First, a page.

Sunday, October 9, 2016

Review of My Favorite's "Love at Absolute Zero"

I posted this on the Sputnik Music website this morning. It's a reworked version of a review I wrote for Good Times in 1999.

I first reviewed this album for a local Long Island music paper a number of years ago when it first came out. At that time I observed that one of the greatest joys in following a local music scene is to keep track of a band for a number of years, watching their growth and development, and then seeing them successfully capture the essence of what you liked about them in the first place on an LP. Love at Absolute Zero by the Long Island band My Favorite turned out to be the first of only two full-length albums ultimately produced by the band. It completely captured all of the promise of the young band I followed through live shows and previously released EPs. If you have any predisposition to like indie-pop, you’re sure to enjoy this album. You might even rank it as a CD for the ages. It’s really that good.

My Favorite consisted of Michael Grace Jr. on vocals, synthesizers, and piano, Andrea Vaughn on vocals and synthesizers, Darren Amadio on lead guitar and assorted other instruments, Gil Abad on bass, and Todbot on drums and percussion. The general sound here is sort of '60s mod meets '80s dance music. However, their songs are sophisticated and well written enough to make that description a gross oversimplification.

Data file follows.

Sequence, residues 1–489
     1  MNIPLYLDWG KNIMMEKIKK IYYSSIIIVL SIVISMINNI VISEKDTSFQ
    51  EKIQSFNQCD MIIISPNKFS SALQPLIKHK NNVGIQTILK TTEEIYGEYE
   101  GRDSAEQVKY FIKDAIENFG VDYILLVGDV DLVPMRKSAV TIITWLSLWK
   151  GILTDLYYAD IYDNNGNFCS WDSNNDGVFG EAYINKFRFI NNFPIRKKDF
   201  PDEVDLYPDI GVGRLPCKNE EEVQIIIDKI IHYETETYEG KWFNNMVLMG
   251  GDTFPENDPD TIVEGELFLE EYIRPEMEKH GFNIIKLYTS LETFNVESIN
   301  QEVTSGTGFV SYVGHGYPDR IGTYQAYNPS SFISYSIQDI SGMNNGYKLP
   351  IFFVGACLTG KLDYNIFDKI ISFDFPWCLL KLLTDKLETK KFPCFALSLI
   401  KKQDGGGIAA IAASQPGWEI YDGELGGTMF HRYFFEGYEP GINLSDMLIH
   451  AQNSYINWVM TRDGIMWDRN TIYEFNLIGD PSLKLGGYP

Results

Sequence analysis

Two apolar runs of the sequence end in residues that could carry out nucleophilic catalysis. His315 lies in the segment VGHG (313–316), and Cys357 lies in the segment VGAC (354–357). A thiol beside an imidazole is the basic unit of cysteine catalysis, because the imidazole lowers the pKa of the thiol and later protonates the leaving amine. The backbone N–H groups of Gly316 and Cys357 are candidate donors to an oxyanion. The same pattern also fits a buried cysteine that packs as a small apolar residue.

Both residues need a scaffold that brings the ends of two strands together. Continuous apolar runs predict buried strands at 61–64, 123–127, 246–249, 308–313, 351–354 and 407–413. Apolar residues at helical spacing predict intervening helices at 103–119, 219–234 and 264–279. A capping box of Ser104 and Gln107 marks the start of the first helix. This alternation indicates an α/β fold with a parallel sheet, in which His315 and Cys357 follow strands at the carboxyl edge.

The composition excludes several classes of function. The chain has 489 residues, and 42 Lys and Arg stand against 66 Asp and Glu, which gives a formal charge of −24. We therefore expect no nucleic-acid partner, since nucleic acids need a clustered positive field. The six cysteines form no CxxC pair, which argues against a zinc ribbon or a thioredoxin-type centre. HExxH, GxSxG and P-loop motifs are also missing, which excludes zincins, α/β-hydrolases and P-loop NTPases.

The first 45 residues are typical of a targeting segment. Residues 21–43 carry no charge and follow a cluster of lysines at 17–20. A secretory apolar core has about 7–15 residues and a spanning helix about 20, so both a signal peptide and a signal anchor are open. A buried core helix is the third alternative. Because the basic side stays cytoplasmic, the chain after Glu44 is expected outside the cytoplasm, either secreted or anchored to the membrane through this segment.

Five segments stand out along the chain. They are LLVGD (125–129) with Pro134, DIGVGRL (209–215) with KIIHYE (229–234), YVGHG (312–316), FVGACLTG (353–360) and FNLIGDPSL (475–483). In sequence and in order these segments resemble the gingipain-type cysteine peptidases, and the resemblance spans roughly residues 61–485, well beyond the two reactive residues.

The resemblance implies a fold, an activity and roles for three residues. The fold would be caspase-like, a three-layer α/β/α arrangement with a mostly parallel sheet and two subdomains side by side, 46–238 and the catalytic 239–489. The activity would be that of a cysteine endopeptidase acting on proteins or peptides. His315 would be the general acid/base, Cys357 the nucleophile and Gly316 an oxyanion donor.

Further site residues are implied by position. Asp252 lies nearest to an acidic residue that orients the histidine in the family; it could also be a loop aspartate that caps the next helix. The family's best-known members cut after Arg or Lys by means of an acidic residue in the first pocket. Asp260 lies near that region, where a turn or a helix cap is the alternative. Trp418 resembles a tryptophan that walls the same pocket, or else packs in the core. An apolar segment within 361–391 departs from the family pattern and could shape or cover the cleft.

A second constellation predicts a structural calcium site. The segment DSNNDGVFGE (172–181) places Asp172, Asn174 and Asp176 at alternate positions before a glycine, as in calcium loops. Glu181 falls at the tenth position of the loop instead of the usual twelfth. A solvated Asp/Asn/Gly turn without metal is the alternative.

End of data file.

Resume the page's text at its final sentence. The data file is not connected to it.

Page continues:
Vocally, the album is a sheer delight. Grace’s low, romantic crooning contrasts perfectly with Vaughn’s pure, sweet voice, as they trade leads both between and within songs. If you close your eyes, you might think you’re listening to a British '80s band, such as Human League – Grace even sounds British.

The songs themselves, however, are what really drive the album. The pace varies nicely between upbeat sing-along anthems such as “Let’s Stay Alive”, “Go Kid Go” and the “Informers”, and slow, dreamy synth-songs such as “Party Crashers” and “Between Cafes”. Meanwhile, the lyrics somehow manage to blend a sort of sad, world-weary cynicism with an unexpected optimism and love of life. When you listen to these songs, and to the way that Grace and Vaughn sing them, you can’t help but feel their sincerity. These are people who really like and empathize with their audience.

From a critical point of view, there are few flaws to mention. It might be somewhat disappointing to the band’s followers that popular favorites such as "Cult Hero, Come Home", and “Detectives Of Suburbia” were excluded from the album, and one could pose the argument that the older 7" single version of “Working Class Jacket” was a superior mix to the album version. Really, though, these points are trivial compared to the enormity of what My Favorite achieved on this album – a very complete fulfillment of the promise of their early years.

If you have any love at all for catchy pop tunes, do yourself a favor -- dig this album up and give it a listen.

Rating: 4.5/5 stars